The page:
Three Danish municipalities in Jutland were contacted by email and invited to participate in the FINALE-Health project. Randers municipality immediately agreed to participate. The two remaining municipalities were then given written information that the project had the participants needed for the study, and the two remaining invitations were redrawn. Randers municipality had nine care areas, and two care areas were drawn to participate. The same manager led both home-care centres. The home-care centres showed great interest in increasing their employers’ health, had a suitable amount of HCW’s and were not already involved in other health-promotion projects. For detailed description of workplace recruitment see Christensen at al. 2011 . The intervention lasted for 12 months with 144 employees participating, divided in a control and an intervention group. The study was designed as a singled-blinded RCT. Tests were performed at baseline and after three and 12 months. The intervention combined nutrition counselling, cognitive behavioural training and targeted physical exercise, and aimed to increase weight loss and work capacity among HCW’s .
Design and participants
A stratified case study was conducted to explore the informants’ reasons for participating in the weight loss project. The informants were selected among those who in different roles took part of the project; a representative from the municipality, the manager at the home-care centre, the project manager and six healthcare workers, summing nine informants. Among the HCW’s, two informants had participated in the intervention, two had been in the control group and two had not been part of the project. The HCW’s are presented with different age, weight, weight loss and job (evening and day shifts). This variation in involvement and characteristics was prioritized to cover a broad spectrum of potential issues for participation.
Data collection and analysis
Data was collected within a months after the 12 months intervention period using individually semi-structured qualitative interviews. An interview guide was developed using observations from the FINALE-Health study, review of the literature and informal talks with participants and managers (Table 1). The questions in the interview guide were open-ended and follow-up questions were asked if clarification was needed. All the interviews were conducted face-to-face at the home-care centre in an undisturbed setting by the same researcher (KS). The duration of the interviews varied from 20 to 60 min and was all audio-recorded. The interviews were transcribed verbatim and analysed using Malterud’s systematic text condensation, which is a descriptive and explorative step-by-step method for analysis of qualitative data . The method is inspired by phenomenology and presents the experiences of the informants in their own words. The procedure consists of the following steps: 1) Overall impression and identification of themes; 2) identification and sorting of meaning units, developing from themes to codes; 3) condensation, going from code to meaning; 4) synthesizing of condensation, development of descriptions and concepts. Analysis was data-driven and quotations from participants were used to support the study findings . KS performed analysis in cooperation with JRC. The interviews were conducted in Danish; however, a professional translator translated the quotations used in the present paper from Danish to English. Informed consent was obtained from all informants and they were assured anonymity and confidentiality. All interviews began with a briefing and ended with a de-briefing, where the informants had the opportunity to ask questions if needed.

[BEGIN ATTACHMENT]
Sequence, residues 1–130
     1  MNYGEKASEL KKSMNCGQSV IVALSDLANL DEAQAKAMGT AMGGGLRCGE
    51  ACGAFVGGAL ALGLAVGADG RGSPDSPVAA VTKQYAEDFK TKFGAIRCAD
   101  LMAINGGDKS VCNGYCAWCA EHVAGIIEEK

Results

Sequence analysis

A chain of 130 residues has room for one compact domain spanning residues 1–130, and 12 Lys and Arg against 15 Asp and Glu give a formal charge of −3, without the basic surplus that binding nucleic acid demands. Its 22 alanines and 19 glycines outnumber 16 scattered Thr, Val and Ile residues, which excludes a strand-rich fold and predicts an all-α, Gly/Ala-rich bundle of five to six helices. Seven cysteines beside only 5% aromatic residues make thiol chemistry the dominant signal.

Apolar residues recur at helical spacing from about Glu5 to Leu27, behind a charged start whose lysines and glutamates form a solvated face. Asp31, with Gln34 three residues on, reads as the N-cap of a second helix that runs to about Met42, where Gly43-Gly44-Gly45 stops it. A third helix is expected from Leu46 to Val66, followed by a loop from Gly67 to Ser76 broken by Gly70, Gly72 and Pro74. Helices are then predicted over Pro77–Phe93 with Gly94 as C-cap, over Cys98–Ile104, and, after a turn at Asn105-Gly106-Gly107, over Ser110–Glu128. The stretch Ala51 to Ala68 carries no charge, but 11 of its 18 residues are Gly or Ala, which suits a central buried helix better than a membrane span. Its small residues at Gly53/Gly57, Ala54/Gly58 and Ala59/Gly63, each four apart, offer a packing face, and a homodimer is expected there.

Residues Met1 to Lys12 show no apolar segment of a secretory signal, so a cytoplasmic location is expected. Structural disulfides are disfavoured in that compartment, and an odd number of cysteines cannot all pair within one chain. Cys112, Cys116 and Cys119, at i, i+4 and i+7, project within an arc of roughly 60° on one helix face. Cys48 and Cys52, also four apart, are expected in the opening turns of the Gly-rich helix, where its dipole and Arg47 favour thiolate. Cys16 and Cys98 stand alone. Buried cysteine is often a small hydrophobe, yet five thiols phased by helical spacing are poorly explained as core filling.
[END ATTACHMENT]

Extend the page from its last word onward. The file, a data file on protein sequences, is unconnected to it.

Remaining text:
The analysis is structured in three main themes; 1) municipality and management considerations, 2) project manager considerations, and 3) employee considerations and positions. The first two themes are analysed based on the informants from the municipality and the management, while the third main theme are identified from the HCWs and three subthemes were identified: a. focus on health and weight loss, b. pressure from the environment and c. struggle for recognition.
Municipality and management considerations
The municipality and the management at the home-care centre both were motivated by a possible economical gain of the project, however the manager also cared for the health of her employees. For the municipality, the primary reason for conducting the intervention was to provide a good service for the elderly and secondary to promote health of the employees.
“I have to deliver a product. The fact that my employers need to be healthy is not the main product, even though I would like it to be. The main product is that they (the HCW’s) are there for the elderly. I believed that the HCW’s possibly could have fewer sick days and remain longer on the job market than they otherwise would have.” (Representative of the municipality)
For the manager at the home-care centre the initial thoughts were that the project was well suited with existing initiatives, but the manager also wanted to participate for the care of her employees and because the project provided knowledge on healthy living.
“I hoped of course to get some employees who have gained insight in how their bodies function physically and how their body feels when it’s fit. Also in relation to diet: - what is a healthy regular diet, without being fanatical. You could say that everyone gets a picture of what a healthy lifestyle is. And I was also hoping that it could provide some unity […] and I was hoping, of course that it could provide something regarding absence due to sickness.” (Manager at the home-care centre)